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2. I sleep best when I can fart and drool freely. When I was in middle school, I used to pretend to sleep on the bus to sporting events, hoping my male teammates would see me napping serenely and be overcome with desire. I expertly relaxed my face and fluttered my eyelashes every few seconds. I kept my neck stiff so that my skull wouldn’t crash against the window unattractively on bumpy roads. Happily, I have (almost) given up on my dreams of falling in love on a bus.

3. I hate both talking dirty and talking baby…and talking in general. Among the list of words I dislike: sexy, babe, honey, sweetheart, snuggle, whore, and nipple.

4. I take better pictures with self-timer than actual humans do when they offer to take them for me. No, you cannot take my picture, well-meaning person. Please remove yourself from this area so that I might proceed as planned.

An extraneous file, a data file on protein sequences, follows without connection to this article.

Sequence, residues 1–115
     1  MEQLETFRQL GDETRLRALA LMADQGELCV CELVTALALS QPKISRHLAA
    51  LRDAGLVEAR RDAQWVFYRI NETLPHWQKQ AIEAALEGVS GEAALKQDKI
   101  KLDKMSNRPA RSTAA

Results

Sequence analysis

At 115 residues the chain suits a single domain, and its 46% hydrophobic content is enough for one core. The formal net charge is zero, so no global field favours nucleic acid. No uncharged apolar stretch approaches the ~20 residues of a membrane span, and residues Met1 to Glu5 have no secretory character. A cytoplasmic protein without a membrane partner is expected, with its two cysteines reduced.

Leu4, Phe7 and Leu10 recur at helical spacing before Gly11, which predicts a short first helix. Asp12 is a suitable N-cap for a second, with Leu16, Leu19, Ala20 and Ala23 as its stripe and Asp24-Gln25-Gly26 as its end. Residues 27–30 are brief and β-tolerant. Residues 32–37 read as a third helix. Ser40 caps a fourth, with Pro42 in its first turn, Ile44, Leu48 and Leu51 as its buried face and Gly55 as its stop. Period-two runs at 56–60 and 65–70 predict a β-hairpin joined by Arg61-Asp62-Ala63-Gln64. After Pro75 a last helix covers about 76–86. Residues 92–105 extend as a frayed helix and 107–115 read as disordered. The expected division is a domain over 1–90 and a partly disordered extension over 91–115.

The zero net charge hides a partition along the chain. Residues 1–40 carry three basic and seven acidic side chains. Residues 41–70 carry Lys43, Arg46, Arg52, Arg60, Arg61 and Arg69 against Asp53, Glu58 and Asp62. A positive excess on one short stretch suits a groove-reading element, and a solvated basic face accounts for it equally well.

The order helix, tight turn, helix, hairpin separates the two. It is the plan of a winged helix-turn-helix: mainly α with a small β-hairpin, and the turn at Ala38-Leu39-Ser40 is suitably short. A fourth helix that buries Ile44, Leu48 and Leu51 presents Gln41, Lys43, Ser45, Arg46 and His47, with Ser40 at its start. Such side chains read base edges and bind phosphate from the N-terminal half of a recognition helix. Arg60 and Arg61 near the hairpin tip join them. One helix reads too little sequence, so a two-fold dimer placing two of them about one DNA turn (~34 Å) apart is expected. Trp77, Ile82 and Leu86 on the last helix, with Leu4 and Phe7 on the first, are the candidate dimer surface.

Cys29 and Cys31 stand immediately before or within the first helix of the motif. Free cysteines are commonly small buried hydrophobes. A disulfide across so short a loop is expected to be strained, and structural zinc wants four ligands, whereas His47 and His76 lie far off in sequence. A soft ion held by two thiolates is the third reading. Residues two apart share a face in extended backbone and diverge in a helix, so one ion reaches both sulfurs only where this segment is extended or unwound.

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5. I get frustrated by novels with too many relationships and not enough plot. It is far more interesting and meaningful to me how characters engage with their world than how they engage with each other in bed.

6. I want to travel the world alone. I’ve had the best adventures of my life travelling by myself in Europe. As such, I prefer my imagination and quiet people-watching to constant companionship and hand-holding abroad.

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7. I just ran out of my favorite lipstick, and I’m too cheap and lazy to buy another. Sorry, boys, these luscious lips are going bare for a while. I bought it for my senior prom in 2008. I doubt they even make it anymore.